61 of the drugs with price hikes were being used to treat coronavirus.Jun 29, 2020 - Health
Delayed care is beating COVID-19 cases right now.May 21, 2020 - Health
Part 5 of our What Matters 2020 series.Mar 6, 2020 - Health
Health care is eating up more and more of Americans’ paychecks every year.Dec 22, 2019 - Politics & Policy
The four main drug companies making COVID-19 vaccines have sold a combined $18.6 billion worth of the shots in the first half of 2021, and sales are expected to reach a combined $60 billion by the end of the year.
The big picture: Even though the U.S. represents less than 5% of the global population, the U.S. market makes up 41% of the vaccine sales.
For every premium dollar that CVS Health's insurance arm, Aetna, collected in the second quarter, it paid a little more than 84 cents to medical providers — a "medical loss ratio" that was a lot higher than Wall Street expected.
The big picture: Health insurers were the main beneficiaries of the pandemic last year, as the widespread delay of doctor visits and procedures greatly offset what they had to pay for COVID-19 hospitalizations.
Sales of AbbVie's blockbuster anti-inflammatory drug Humira have declined internationally, as cheaper copycats known as biosimilars gain more traction in Europe. But Humira sales continued to rise in the U.S. last quarter because Humira biosimilars are locked out of the country until 2023.
Why it matters: Cheaper versions of Humira exist, but Americans don't have access to them due entirely to AbbVie's "legal strategy" of delaying entry.
The Department of Justice has joined whistleblower complaints that allege Kaiser Permanente knowingly made its Medicare Advantage patients look sicker than they were, as a way to obtain more money from the federal government.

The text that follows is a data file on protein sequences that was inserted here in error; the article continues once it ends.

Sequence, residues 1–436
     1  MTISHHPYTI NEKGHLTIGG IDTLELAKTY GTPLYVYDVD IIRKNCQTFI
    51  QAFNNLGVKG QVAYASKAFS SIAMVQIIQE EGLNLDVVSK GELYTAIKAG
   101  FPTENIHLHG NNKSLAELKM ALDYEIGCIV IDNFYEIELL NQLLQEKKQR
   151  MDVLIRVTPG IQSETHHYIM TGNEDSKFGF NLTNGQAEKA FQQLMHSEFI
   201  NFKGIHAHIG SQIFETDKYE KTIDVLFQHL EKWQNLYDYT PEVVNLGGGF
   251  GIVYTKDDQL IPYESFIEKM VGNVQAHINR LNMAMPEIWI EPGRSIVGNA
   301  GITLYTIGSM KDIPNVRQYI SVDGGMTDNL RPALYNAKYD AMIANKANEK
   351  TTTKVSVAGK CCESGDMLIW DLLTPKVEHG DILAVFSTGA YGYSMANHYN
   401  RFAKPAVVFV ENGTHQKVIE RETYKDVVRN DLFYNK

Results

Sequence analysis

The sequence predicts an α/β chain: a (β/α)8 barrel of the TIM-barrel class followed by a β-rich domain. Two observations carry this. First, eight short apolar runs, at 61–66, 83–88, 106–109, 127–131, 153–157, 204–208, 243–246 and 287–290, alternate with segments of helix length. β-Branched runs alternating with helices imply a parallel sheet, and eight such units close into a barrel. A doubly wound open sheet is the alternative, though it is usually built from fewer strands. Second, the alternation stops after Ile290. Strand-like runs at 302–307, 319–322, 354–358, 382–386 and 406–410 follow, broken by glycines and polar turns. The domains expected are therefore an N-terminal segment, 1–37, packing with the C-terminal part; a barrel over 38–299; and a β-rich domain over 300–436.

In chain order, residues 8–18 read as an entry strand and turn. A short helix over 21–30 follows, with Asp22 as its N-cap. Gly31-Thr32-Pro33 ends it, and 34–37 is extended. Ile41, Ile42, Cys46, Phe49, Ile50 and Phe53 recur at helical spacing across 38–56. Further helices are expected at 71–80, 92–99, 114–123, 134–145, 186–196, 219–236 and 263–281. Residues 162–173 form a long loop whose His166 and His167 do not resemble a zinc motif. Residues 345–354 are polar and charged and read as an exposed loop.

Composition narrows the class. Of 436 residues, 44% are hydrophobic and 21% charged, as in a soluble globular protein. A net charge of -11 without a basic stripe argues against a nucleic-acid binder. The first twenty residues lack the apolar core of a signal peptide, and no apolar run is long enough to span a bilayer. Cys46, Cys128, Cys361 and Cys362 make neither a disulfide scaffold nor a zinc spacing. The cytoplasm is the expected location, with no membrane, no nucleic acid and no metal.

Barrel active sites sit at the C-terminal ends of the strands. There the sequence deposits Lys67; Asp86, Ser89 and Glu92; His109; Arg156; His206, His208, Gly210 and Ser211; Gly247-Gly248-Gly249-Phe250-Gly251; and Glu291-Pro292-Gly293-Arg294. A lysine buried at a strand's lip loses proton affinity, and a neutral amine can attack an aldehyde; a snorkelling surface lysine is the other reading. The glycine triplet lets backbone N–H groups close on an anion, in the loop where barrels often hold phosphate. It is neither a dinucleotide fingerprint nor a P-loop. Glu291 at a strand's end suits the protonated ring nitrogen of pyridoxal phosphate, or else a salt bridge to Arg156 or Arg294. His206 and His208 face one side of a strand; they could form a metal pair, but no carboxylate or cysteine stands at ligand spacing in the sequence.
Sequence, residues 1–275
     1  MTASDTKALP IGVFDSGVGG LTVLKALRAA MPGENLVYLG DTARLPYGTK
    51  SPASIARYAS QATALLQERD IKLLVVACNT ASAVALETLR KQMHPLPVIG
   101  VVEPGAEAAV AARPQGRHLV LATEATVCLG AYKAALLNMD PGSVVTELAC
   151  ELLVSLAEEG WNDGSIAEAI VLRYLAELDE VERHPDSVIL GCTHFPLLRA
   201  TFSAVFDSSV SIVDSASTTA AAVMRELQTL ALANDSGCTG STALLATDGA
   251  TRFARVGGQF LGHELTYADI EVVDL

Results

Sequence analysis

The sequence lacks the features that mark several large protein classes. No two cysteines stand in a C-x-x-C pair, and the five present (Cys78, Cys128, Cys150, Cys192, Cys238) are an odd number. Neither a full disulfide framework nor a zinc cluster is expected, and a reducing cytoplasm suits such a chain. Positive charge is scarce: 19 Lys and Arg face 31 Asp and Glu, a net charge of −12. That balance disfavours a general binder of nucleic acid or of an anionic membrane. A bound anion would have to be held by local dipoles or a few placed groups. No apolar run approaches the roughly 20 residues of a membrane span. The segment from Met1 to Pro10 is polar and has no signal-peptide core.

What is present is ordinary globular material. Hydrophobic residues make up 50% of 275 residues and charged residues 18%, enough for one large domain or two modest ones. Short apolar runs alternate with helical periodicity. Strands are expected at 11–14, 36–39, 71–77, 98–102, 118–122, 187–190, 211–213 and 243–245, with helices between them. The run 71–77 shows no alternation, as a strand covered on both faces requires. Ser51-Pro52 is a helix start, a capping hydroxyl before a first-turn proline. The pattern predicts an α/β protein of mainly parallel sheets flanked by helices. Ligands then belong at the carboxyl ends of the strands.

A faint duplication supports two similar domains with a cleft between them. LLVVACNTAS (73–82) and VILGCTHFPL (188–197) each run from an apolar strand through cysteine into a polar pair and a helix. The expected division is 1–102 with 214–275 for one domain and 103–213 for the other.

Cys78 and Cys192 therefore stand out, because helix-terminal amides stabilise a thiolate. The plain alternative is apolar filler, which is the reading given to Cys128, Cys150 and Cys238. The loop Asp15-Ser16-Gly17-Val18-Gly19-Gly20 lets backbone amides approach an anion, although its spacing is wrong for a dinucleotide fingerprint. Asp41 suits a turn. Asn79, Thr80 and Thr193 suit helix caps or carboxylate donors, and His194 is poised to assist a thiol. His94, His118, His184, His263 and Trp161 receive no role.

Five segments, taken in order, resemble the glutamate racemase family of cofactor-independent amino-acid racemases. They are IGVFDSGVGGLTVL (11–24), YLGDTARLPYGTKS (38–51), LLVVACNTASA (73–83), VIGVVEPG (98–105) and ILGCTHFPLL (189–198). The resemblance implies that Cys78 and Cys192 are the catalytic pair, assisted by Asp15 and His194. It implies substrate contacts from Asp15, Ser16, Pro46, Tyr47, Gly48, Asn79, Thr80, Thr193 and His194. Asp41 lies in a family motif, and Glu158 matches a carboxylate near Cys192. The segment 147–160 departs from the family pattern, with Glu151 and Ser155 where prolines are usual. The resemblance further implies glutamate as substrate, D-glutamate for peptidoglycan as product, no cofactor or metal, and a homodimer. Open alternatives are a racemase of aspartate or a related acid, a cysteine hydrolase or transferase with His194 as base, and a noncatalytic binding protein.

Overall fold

Why it matters: For years now the federal government has cracked down on fraudulent coding in Medicare Advantage. But going after Kaiser Permanente, a company that many view as the gold standard for Medicare Advantage, indicates the problem may touch almost every corner of the industry.
The FDA's new approval status of Semglee marks the first biosimilar insulin that is "interchangeable" with its brand-name comparison.
Why it matters: Pharmacists could substitute Semglee over Lantus without running it by a physician, just like how it works with regular generic and brand-name drugs. But even though Semglee is the cheaper option, it is still priced at almost $100 per vial.
🏥 Hospitals: The second quarter for Universal Health Services was so profitable that it returned $189 million in federal coronavirus bailout funds. But executives cautioned higher COVID cases may lead to labor shortages.
Biogen recently submitted a paper to JAMA, a top medical research journal, that analyzed results from the clinical trials of its new Alzheimer's drug, Aduhelm. However, Biogen later withdrew the paper because JAMA considered rejecting it unless edits were made, according to two sources familiar with the matter.
Why it matters: The FDA's decision to approve Aduhelm has been mired in controversy; experts say there simply isn't strong enough data to show the drug works. And it appears medical journal reviewers also weren't sold on Biogen's interpretation of the data.
Latino children in the U.S. are twice as likely to be uninsured as non-Latino children, according to an analysis by the Georgetown University Center for Children and Families.
Why it matters: More than 1.8 million Latino children in the U.S. have not had health insurance since before the pandemic, putting them at greater risk for COVID-19. The virus has hit Latinos especially hard, resulting in higher infection rates, hospitalizations and unemployment.
Biogen executives used their earnings day to take aim at critics and the media, saying the federal approval of the company's new Alzheimer's drug, Aduhelm, "has been the subject of extensive misinformation and misunderstanding."
Why it matters: Biogen has billions of dollars on the line with this drug, and uptake has been very slow so far due in part to the blowback. But the company's grievances don't change the fact that Aduhelm failed to slow the progression of Alzheimer's in late-stage clinical trials.
Turquoise Health has raised $5 million in a seed funding round that will expand operations at the health care price transparency startup.
Why it matters: Federal law requires hospitals to publish all of their various prices, but many hospitals don't comply or barely comply. Turquoise brings the data together and makes it easier to digest for patients, researchers and others in health care.